HPI elements

Kedami38

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I have a question I was coding a admission and discharge same day observation E/M and I had trouble with getting 4 elements in the HPI

Chief Complaint: shortness of breath, cough
History of present illness: 69 year old male with past medical history of hypertension, atrial fibrillation, COPD presented to emergency room was complaints of worsening shortness of breath for the last couple days. Denies any chest pain medicine nausea no vomiting. On admission in emergency room stay chest revealed bronchiectasis, scattered mucous plugging, emphysema.

I had worsening as either quality or severity, last couple days for duration and shortness of breath, chest pain for associated sign and symptoms

My auditor states that I should use shortness as quality..........I'm having trouble understand this as it is not a character of a symptom because it is actually the symptom and breath is not a symptom. My question is can this be used as quality?
 

thomas7331

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I've been coding and auditing E&M levels for many years now, and I'll tell you that to be honest, details like this don't really matter. The auditing guidelines for how to determine the level of a history are just that - guidelines. They aren't regulations or concrete rules that can tell you exactly what a level should or should be, or exactly how many points should be counted or which exact words in the document qualify or do not. So you have to use your judgment on these things, and be prepared to be able to defend your choice if an auditor arrives at a different conclusion. And no two auditors will always arrive at the same thing, especially when it comes to E&M coding. So there isn't a rule that says that 'shortness' can or cannot be used - your argument that it is part of the symptom is a valid one (and I would lean that way too), but the auditor's argument is also valid. Neither is right or wrong, and I have always advocated that something like this should be called a coding 'variance' rather than an error. Because truthfully, in all my experience with payer audits, it never comes down to this. Payers will down-code an E&M service if the level is clearly wrong or if it is unreasonable for the type of problem that the provider is treating, but they will not spend their time arguing back and forth with providers over what words do or do not qualify as an 'element' or a 'point' because they (at least in most cases nowadays) understand that this kind of exercise is not an effective use of the resources that should be devoted to providing medical care.

Fortunately, starting next year, if the CMS rules go into effect, we'll hopefully not have to worry so much about these minor details and grey areas.

Sorry for the long answer, and I know it's probably not much help, but that's my take on it.
 
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twizzle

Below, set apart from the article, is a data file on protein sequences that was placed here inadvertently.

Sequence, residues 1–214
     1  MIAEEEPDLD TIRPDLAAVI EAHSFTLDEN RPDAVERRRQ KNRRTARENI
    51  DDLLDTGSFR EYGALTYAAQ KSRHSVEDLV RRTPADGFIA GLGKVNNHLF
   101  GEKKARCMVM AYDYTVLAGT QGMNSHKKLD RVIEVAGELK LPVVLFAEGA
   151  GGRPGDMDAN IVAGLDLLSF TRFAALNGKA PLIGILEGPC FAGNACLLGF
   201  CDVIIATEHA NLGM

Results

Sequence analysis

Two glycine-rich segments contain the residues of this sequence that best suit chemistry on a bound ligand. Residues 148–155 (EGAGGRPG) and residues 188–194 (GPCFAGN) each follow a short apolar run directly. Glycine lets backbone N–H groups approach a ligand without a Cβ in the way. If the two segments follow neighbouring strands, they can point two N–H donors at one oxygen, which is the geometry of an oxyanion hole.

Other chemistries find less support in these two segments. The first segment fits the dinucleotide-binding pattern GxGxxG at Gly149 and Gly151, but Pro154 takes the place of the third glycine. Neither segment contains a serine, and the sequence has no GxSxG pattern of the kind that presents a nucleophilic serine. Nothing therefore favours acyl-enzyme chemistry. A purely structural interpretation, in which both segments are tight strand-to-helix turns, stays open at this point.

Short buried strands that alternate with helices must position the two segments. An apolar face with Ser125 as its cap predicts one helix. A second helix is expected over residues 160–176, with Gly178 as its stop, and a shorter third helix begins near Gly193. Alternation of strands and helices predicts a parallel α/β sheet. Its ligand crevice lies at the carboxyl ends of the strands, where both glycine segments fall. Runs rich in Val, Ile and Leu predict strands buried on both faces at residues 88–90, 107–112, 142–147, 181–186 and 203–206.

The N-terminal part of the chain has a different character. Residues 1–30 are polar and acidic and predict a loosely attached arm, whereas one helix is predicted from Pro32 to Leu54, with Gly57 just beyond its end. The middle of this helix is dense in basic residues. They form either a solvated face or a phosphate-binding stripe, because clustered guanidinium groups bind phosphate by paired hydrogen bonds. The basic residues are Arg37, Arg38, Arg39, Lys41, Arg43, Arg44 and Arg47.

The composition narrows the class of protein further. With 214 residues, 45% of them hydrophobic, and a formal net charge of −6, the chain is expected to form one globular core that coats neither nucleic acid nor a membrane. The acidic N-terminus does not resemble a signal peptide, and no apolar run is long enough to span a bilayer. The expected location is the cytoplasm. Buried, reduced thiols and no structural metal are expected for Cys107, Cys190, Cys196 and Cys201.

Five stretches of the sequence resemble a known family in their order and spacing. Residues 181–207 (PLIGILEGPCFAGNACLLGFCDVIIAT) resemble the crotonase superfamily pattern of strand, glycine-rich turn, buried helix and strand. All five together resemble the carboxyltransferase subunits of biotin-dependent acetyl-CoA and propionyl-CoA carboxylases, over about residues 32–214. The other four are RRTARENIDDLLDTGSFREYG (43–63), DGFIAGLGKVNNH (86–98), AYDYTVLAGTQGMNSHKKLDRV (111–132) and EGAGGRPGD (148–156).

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I've been coding and auditing E&M levels for many years now, and I'll tell you that to be honest, details like this don't really matter. The auditing guidelines for how to determine the level of a history are just that - guidelines. They aren't regulations or concrete rules that can tell you exactly what a level should or should be, or exactly how many points should be counted or which exact words in the document qualify or do not. So you have to use your judgment on these things, and be prepared to be able to defend your choice if an auditor arrives at a different conclusion. And no two auditors will always arrive at the same thing, especially when it comes to E&M coding. So there isn't a rule that says that 'shortness' can or cannot be used - your argument that it is part of the symptom is a valid one (and I would lean that way too), but the auditor's argument is also valid. Neither is right or wrong, and I have always advocated that something like this should be called a coding 'variance' rather than an error. Because truthfully, in all my experience with payer audits, it never comes down to this. Payers will down-code an E&M service if the level is clearly wrong or if it is unreasonable for the type of problem that the provider is treating, but they will not spend their time arguing back and forth with providers over what words do or do not qualify as an 'element' or a 'point' because they (at least in most cases nowadays) understand that this kind of exercise is not an effective use of the resources that should be devoted to providing medical care.

Fortunately, starting next year, if the CMS rules go into effect, we'll hopefully not have to worry so much about these minor details and grey areas.

Sorry for the long answer, and I know it's probably not much help, but that's my take on it.
Agree totally with Thomas. Guidelines are there to lead you along the straight and narrow up to a point. I too have audited E/M for a few years and sometimes you have to really stretch the verbiage to get to the level you need to be at. We, as auditors, are trying to help the provider, not hinder them and by utilizing an adjective such as 'shortness' to get an HPI element is absolutely okay. If you're consistent and can defend your decisions then you're in a good place.
 

kdlberg

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Don't forget location. The problem is with the respiratory system. So that's location, severity (worsening), duration, and associated signs and symptoms. "Shortness" isn't really a quality. "Shortness of breath" is treated as a complete word, because you can't separate it out and have it make sense. (Quality, you can take the word away and still get the point.)
 
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